Cook was someone I have always admired, and never more so than during his principled opposition to Britain's invovlement in the Iraq war. While many in British Labour were prepared to vocally voice their opposition to that illegal war, Cook was willing to make a moral stand on the issue and resigned his cabinet position when the decision was made by the government to participate.

For a man who had build a formidable career over a quarter of a century in the House of Commons, that was a sacrifice of considerable proportions.

More broadly, Cook advocated for a morals based foreign policy which would see Labour's historical mission to uplift the poor and downtrodden domestically, applied to Britain's international dealings. A Gordon Brown-led Labour government may have seen him re-elevated to high office in government again to put these principles into action, but sadly that cannot happen.

The British Labour Party is far the poorer for this loss.

Blog light(er)

Work and campaigning activities are really chewing into my time at the moment, so I'm likely to be blogging a little less frequently over the coming weeks.

Damned real world!

Thursday, August 04, 2005

Striking a balance

I was present in Mangere today at the launch of Labour's 4th pledge card commitment.

The pledge is to complete the Treaty claims settlement process by 2020, and to set a cut off date of September 2008 for the lodgement of claims.

I think that this policy strikes a good balance. The whole area is a tricky one, becuase on one side, there are a range of legitimate and outstanding grievances that need to be settled. On the other, there is a strong public feeling that while we want to "put things right", there does need to be a point at which things move on.

The policy strikes a reasonable balance because while it brings some finality to the process, there is a very reasonable amount of time for claims to be lodged, researched, and discussed. Having too short a time frame would simply give rise to a new set of grievances and we would be back we started. The evidence is that when claims have been settled fairly, that iwi groups have been able to move on and make some real progress for local Maori (ie; Ngai Tahu).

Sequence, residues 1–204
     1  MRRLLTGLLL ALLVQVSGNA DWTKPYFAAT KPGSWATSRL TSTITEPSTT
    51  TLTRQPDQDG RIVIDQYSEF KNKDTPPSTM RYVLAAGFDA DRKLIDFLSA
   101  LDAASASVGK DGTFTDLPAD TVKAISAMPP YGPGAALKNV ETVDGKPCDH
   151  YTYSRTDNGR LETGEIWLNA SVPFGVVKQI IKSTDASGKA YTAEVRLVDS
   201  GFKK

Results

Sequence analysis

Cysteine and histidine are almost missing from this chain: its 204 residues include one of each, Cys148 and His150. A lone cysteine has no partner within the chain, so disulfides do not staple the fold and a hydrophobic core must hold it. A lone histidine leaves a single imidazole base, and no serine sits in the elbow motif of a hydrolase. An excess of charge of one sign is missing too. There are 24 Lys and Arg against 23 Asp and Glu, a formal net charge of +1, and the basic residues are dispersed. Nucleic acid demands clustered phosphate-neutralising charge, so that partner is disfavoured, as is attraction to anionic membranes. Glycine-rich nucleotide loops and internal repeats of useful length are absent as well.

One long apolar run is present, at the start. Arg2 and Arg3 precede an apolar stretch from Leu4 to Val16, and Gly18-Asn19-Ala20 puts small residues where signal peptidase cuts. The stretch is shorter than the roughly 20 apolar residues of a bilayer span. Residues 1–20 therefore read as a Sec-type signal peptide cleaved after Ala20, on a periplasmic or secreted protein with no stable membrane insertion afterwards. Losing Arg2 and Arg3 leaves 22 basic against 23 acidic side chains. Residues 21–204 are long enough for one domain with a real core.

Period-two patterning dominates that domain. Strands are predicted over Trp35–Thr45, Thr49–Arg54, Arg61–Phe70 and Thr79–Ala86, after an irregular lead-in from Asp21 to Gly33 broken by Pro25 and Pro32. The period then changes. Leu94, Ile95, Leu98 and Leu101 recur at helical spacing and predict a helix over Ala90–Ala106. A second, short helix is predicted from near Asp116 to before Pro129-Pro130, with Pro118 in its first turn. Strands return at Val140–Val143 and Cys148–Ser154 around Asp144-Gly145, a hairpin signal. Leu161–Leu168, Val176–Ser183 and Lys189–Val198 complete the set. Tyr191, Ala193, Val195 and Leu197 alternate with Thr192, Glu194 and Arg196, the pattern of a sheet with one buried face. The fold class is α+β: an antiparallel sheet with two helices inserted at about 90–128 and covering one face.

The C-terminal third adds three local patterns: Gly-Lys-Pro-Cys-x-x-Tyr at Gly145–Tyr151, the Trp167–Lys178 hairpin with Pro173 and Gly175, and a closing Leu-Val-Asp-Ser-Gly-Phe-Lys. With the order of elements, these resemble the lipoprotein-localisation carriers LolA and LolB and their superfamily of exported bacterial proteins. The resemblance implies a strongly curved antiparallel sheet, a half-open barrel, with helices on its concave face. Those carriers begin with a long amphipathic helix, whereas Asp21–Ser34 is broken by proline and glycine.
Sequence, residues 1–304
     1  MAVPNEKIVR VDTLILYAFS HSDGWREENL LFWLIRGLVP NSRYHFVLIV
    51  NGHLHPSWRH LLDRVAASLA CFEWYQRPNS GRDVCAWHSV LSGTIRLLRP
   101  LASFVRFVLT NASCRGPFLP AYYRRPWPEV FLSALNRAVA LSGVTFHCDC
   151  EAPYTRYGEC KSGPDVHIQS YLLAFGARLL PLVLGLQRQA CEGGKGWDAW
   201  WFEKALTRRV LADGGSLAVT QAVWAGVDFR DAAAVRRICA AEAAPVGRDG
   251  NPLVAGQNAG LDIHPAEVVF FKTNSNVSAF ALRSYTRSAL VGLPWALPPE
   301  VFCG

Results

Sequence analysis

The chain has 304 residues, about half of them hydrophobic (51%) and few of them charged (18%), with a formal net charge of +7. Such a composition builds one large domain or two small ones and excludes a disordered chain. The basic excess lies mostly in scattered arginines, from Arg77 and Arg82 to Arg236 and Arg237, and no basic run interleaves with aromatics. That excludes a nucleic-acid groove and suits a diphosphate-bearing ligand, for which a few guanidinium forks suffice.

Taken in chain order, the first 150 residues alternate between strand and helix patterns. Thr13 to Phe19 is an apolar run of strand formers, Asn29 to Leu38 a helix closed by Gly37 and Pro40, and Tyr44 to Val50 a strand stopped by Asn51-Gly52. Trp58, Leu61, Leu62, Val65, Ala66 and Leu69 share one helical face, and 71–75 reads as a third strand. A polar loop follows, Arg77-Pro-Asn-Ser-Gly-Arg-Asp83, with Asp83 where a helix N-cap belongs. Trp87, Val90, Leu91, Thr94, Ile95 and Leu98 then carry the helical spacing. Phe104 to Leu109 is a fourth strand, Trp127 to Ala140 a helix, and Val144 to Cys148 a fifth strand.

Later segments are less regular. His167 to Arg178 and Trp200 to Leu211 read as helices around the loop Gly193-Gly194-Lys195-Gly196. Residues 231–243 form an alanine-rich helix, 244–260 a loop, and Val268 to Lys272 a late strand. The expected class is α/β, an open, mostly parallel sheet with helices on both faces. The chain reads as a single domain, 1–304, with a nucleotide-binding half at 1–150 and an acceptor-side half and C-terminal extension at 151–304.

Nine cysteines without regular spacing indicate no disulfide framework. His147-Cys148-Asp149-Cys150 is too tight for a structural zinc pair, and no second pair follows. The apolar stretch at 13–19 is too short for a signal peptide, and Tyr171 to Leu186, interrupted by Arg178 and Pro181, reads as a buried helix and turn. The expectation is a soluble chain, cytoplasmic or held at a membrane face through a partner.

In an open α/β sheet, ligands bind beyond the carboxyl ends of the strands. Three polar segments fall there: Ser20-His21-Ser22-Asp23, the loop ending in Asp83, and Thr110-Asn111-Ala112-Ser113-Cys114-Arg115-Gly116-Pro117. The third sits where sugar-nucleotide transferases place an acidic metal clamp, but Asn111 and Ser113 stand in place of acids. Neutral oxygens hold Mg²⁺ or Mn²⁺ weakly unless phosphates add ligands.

This will no doubt be a contenscious area for debate, but I think that on the whole, most fair minded New Zealanders support the settlement process, and the time limit policy will unltimately strengthen that support by showing that we are actually moving towards a final goal.

Tuesday, August 02, 2005

Today's Howick & Pakuranga Times

Pity about the headline!

Give interest-free money to everyone, not just students, scoffs Williamson

LABOUR candidate Michael Wood is ‘stoked’ by his party’s proposed student loans policy.

“Along with many other young New Zealanders, I am absolutely stoked by the pledge card announcement that Labour will scrap the interest on student loans for graduates living in New Zealand,” said the Pakuranga candidate.

“This policy will make a real difference to 400,000 young New Zealanders with loans. A friend of mine with post-graduate qualifications has a $50,000 loan and a $55,000 salary.

Under Labour’s policy he’ll pay off his loan eight years quicker, saving $47,000. This policy will encourage New Zealand’s best and brightest to keep their skills and talents here in New Zealand.

That’s good for young New Zealanders and good for our economy.”

But Mr Woods’ views predictably don’t sit well with Pakuranga National MP Maurice Williamson.

“I think it’s an appallingly reckless thing to do,” said Mr Williamson, who attributes the move to “desperation”.

“What if you’ve gone and done something else in life, like a bricklayer or electrician - why don’t you get free money for your business to get yourself set up?”

He quipped: “[under Labour’s policy] you’d be mad not to enrol in a tertiary institution and borrow to the maximum, then stick the money into some form of government bonds where it’s safe, make the interest off it, and never have to pay interest on the money you’re owing.

“It’s a bad signal. If giving people interest-free money is a good idea, why don’t they give it to businesses, why don’t they give it to homeowners for their mortgages – interest-free money for everyone, it would be great.”